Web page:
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Energy codes and tapered insulation

A question frequently asked regarding roof systems incorporating tapered insulation is what minimum insulation thickness should be used to comply with the applicable energy code's minimum thermal insulation requirements.

Energy codes regulate the efficient use of energy in buildings and provide minimum thermal insulation requirements for building envelopes. For roof assemblies using tapered insulation, roofing professionals often are unclear how to represent tapered insulation R-values.


Roofing professionals generally represent R-values of tapered insulation systems based on the average

R-values for tapered insulation layouts. There are multiple ways to determine tapered insulation systems' average R-values. Depending on the tapered insulation layout and method used to determine average

R-value, up to half to two-thirds of a roof area covered by a tapered insulation system can have an R-value less than the average R-value determined.

Because energy codes typically provide minimum requirements, using the average R-value for evaluating tapered insulation systems may not be appropriate for energy code compliance purposes.


The 2006 and 2009 editions of the International Energy Conservation Code (IECC), the applicable energy code for most of the U.S., include specific guidelines for evaluating thermal insulation of varying thicknesses in roof assemblies.

In Chapter 5—Commercial Energy Efficiency, an exception to Section 502.2.1—Roof Assembly indicates: "Continuously insulated roof assemblies where the thickness of the insulation varies by 1 inch (25 mm) or less and where the area-weighted U-factor is equivalent to the same assembly with the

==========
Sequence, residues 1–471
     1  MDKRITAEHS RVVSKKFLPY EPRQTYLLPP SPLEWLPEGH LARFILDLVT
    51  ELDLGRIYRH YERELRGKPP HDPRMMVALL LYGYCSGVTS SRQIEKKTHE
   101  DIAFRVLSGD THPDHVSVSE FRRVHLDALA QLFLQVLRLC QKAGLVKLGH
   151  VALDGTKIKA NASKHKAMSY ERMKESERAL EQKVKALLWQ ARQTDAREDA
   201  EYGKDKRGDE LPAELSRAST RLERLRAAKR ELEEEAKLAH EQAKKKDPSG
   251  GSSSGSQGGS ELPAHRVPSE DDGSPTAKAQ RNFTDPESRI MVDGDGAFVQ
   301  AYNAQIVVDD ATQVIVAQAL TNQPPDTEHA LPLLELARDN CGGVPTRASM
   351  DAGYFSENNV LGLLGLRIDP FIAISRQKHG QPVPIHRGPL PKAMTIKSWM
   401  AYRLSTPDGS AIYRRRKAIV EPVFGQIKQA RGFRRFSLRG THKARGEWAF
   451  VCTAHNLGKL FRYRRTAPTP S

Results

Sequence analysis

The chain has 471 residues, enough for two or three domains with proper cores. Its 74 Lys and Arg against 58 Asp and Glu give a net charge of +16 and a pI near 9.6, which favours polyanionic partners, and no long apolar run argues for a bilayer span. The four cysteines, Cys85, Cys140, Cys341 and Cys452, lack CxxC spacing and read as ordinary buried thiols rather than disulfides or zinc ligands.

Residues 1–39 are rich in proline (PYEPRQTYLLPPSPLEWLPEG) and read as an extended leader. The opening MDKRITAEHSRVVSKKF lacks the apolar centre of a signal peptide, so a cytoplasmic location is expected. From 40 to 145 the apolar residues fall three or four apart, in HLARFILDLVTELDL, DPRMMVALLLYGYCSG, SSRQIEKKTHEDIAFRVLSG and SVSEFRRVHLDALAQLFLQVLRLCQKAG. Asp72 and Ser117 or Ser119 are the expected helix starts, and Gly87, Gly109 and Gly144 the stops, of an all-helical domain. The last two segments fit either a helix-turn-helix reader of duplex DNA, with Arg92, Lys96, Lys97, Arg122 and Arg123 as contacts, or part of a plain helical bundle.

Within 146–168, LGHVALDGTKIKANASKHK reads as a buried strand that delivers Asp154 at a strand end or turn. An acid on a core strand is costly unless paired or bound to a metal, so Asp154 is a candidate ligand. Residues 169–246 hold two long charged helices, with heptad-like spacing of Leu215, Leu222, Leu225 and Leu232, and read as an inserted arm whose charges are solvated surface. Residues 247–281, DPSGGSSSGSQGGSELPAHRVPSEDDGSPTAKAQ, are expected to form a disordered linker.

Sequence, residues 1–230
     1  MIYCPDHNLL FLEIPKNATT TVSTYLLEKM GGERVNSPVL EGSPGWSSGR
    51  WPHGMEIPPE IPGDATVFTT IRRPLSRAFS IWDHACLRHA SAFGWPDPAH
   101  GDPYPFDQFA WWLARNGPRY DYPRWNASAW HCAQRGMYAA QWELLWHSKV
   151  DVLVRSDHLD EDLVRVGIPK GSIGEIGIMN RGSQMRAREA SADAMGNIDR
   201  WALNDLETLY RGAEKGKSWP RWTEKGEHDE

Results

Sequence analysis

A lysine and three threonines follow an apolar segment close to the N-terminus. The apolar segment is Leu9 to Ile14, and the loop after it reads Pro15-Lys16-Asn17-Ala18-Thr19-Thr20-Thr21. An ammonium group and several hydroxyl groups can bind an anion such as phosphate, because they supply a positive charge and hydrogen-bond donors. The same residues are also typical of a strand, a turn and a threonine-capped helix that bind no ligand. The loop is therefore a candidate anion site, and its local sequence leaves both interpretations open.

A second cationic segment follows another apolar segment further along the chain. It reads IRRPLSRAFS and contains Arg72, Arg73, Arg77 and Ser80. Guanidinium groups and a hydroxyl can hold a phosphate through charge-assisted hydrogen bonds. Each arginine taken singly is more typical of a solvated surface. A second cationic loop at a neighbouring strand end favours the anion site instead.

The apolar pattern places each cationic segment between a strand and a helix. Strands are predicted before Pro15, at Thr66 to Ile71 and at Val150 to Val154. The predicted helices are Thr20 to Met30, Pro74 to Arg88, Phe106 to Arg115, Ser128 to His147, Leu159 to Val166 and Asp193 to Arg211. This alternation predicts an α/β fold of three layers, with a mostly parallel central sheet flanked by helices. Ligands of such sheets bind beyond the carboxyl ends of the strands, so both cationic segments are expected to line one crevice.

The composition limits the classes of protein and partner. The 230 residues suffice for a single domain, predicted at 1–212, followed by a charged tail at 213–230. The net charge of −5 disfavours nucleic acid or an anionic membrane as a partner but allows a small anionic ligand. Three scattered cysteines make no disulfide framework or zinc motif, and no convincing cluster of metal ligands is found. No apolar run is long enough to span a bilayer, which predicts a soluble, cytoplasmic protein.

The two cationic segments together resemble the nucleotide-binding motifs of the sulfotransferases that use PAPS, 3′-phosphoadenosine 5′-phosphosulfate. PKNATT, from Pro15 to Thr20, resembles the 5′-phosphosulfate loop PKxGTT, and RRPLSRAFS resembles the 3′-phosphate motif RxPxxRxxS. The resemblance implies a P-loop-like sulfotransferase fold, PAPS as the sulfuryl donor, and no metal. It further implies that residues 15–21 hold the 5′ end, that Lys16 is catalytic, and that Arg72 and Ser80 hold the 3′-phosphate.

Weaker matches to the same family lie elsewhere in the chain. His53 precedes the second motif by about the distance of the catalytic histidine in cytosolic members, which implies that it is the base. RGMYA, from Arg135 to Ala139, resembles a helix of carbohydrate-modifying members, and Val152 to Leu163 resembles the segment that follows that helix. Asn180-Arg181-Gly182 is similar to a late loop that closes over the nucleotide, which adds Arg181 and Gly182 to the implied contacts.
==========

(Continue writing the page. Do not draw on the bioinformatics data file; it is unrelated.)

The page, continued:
R-value specified in Table 502.2(1)." The table provides minimum R-value requirements for building envelope systems, including roof assemblies.

The code's intent is a roof area-weighted R-value determination method is only appropriate for tapered insulation systems where the insulation thickness varies by no more than 1 inch.

The Commentary to IECC's 2009 edition indicates the 1-inch limitation is not intended to prevent tapered insulation systems from having larger variations in thickness; the limitation simply does not allow the insulation thickness beyond the 1-inch variation to be factored into the R-value used for energy code compliance purposes.

When the tapered insulation's thickness variation exceeds 1 inch, the Commentary indicates it is permissible to use an R-value based on the thickness of the insulation where the insulation is 1 inch thicker than the tapered system's low point. Portions of the roof area with insulation thicknesses greater than that 1-inch variation are assumed to have the same R-value for energy code compliance purposes.

For example, for a 1/4-inch-per-foot tapered insulation system, the 1-inch thickness variation will occur 4 feet from the tapered system's low point. In this case, the R-value for the insulation at that 4-foot point in the tapered system is intended to be used to comply with the energy code.

Code compliance

IECC's 2006 and 2009 editions contain a provision about insulation of varying thicknesses that can be interpreted to apply to tapered insulation systems.

I encourage you to consult the building official in the jurisdiction where the specific building being considered is located for his or her interpretation of the energy code's minimum R-value requirements for tapered insulation systems.

Additional information about tapered insulation systems is provided on pages 67-76 of The NRCA Roofing Manual: Membrane Roof Systems—2011.

Mark S. Graham is NRCA's associate executive director of technical services.


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